Thoughts on Daf 8, Rosh Hashana
by Susan Suna
On Daf 8 in Rosh Hashana we discuss starting points, the Rosh Hashana for many events. We look at when the year begins for the cycles of the sun and the moon, for agricultural mitzvot, for kings and thus for dating contracts and more. Going through the daf, I charted the items listed and their Rosh Hashana:
The first of Tishrei is Rosh Hashana for Ma’aser Behemah, Ma’aser Dagan, Non-Jewish kings, Cycles of the sun and moon, The creation of the world, Judgement, Shemitah, Yovel, Years
While Nisan is the first of the months and Rosh Hashana for Jewish kings.
It is clear that Tishrei is the leading month for new yearly beginnings. Looking at the above list it appears that the natural cycle of the world of creation from celestial cycles to agriculture cycles begins in Tishrei. Tishrei also contains the interaction between Hashem and all people. As Rav Nachman Bar Yitzchak explains the verse in Deuteronomy 11:12; from the beginning of the year judgment is passed as to what will happen at the end of the year.
With Tishrei having so many beginnings, why isn’t it also the first month? Why does the Jewish calendar separate years and months. Our daf makes it very clear that there is a separation and that months and years are distinctive entities: We “do not derive the meaning of the word “year” where months are not mentioned with it from the word “year” that appears in the verse where months are mentioned with it.”
To better understand the distinction, I went back to the verse in Shemot 12:2 that states: “This month shall mark for you the beginning of the months; it shall be the first of the months of the year for you.” The Hizkuni points out that Nisan is the first month FOR YOU and not for other nations who count the months according to the stars. From now Am Yisrael would count the months from Nisan, from when we were freed from Egypt in order to remember the good that Hashem did for us. But note that this is a change and that originally, from Adam, Tishrei was the first month.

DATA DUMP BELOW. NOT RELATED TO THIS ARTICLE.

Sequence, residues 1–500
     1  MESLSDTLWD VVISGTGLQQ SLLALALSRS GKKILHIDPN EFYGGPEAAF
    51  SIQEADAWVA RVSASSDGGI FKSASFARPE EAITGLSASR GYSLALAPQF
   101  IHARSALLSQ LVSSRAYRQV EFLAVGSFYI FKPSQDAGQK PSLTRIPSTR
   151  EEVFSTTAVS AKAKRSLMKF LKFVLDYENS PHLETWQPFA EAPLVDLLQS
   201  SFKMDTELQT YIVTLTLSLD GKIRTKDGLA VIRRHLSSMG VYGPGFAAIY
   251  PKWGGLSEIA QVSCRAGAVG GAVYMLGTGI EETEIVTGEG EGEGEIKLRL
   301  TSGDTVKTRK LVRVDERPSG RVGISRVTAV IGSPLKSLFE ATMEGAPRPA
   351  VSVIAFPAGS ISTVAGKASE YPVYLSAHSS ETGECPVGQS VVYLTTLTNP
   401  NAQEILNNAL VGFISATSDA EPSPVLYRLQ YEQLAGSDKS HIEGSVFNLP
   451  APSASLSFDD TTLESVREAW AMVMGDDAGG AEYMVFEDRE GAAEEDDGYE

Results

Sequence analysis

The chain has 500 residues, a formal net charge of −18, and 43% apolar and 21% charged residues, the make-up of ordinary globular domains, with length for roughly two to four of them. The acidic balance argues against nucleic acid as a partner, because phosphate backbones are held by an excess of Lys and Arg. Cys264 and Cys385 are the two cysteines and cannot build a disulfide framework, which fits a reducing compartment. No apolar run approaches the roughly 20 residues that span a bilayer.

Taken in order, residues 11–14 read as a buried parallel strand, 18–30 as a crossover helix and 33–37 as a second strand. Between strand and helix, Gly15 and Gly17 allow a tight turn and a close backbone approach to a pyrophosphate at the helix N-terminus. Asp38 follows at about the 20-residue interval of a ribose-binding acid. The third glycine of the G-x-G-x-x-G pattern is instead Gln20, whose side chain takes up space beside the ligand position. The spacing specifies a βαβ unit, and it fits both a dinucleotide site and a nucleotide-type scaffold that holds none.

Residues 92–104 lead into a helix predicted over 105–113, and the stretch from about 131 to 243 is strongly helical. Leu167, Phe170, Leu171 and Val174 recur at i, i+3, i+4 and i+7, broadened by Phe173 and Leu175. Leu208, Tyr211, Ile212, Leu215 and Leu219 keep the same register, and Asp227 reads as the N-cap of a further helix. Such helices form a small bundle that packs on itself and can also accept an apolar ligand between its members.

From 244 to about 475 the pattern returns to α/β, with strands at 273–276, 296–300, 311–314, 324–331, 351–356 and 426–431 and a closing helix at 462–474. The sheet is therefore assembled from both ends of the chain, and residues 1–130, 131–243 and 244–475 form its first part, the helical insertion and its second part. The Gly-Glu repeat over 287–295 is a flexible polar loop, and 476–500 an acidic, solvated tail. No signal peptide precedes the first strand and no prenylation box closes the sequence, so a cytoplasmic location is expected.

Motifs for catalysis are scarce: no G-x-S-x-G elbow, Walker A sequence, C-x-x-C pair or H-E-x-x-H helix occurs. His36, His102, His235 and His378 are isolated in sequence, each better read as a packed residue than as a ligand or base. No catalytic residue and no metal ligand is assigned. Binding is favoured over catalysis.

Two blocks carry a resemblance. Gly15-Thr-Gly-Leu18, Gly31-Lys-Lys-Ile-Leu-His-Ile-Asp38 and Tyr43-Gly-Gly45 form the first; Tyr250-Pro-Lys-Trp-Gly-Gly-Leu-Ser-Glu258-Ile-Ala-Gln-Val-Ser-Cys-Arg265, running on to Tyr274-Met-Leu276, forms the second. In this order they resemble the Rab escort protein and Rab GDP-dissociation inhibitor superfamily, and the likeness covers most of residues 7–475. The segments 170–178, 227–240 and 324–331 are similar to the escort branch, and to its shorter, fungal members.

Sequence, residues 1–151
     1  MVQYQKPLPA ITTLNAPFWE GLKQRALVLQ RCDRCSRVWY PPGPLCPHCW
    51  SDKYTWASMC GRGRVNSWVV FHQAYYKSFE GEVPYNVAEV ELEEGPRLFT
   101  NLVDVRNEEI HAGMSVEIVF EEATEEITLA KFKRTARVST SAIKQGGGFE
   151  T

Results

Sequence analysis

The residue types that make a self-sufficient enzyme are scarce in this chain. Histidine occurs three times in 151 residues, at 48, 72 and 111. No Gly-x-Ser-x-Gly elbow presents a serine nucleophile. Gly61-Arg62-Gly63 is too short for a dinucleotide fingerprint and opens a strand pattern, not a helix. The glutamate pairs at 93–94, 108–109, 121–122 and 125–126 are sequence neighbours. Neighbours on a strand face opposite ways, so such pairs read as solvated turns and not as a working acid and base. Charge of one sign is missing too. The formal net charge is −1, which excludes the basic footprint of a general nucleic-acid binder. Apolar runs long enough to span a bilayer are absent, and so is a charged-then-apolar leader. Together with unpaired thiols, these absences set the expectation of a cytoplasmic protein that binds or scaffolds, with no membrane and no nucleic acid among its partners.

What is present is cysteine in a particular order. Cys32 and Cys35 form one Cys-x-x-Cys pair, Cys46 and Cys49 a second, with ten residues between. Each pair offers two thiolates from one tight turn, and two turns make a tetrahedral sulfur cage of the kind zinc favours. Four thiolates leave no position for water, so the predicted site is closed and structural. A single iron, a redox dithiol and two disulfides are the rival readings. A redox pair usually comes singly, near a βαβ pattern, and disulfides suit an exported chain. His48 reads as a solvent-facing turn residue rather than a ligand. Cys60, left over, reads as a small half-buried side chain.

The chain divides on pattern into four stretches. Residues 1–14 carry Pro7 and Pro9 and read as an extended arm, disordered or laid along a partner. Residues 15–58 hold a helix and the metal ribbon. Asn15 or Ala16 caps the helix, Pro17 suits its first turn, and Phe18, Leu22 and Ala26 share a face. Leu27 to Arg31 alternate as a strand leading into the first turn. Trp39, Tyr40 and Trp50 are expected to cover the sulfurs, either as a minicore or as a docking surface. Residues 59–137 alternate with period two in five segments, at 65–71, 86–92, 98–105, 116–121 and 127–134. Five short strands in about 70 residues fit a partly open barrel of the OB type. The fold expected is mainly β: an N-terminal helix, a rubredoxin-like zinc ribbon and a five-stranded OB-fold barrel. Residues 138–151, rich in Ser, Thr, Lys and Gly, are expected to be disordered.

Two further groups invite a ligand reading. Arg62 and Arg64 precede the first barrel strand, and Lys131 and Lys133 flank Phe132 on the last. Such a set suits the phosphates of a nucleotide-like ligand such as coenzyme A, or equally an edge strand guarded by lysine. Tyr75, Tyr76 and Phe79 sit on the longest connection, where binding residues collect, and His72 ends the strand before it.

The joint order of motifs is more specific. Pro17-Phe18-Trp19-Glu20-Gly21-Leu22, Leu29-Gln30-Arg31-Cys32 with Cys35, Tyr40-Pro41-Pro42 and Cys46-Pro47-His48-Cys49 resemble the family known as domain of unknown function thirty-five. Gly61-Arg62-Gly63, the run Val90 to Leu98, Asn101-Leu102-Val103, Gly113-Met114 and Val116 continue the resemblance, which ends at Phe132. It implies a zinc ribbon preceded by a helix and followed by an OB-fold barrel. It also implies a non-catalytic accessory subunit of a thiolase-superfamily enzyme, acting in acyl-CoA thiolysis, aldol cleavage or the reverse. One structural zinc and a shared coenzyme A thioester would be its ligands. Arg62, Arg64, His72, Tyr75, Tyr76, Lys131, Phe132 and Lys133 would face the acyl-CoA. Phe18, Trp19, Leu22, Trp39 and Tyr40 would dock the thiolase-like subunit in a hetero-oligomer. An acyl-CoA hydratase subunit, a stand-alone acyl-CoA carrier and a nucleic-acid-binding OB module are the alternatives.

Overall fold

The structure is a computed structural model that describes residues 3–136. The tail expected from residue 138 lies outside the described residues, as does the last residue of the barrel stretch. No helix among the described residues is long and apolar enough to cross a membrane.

Similarly, the Ramban on this verse explains that החדש הזה לכם ראש חדשים means that we will count this as the first month and the next month as the second and so on so that as we count each month, we will be reminded of the great miracle Hashem did for us. We will recall Hashem redeeming us from slavery in Egypt. That is why in the Torah the months don’t have names. According to the Yerushalmi, when we returned to Israel from Bavel, the names of the months made aliyah with us. At first we counted the months from the miracle of the Exodus and now we count months as it says in Yermiyahu (16, 14-15) from when Hashem brought Bnei Yisrael back from the northern land. In the same way the months reminded us of the first redemption so too they remind us of the second.
It appears that the role of the counting of the months is beyond that of the natural yearly cycle. The counting of the months is an ongoing reminder to Am Yisrael, as well as to the Jewish king for whom the years of his reign start in Nisan, of our special, timeless, relationship with Hashem by recalling the miraculous redemptions we experienced. Perhaps this is the inspiration for the beautiful Tefilah that we say when we please the new month. A prayer filled with hope for the upcoming days including that of the final redemption.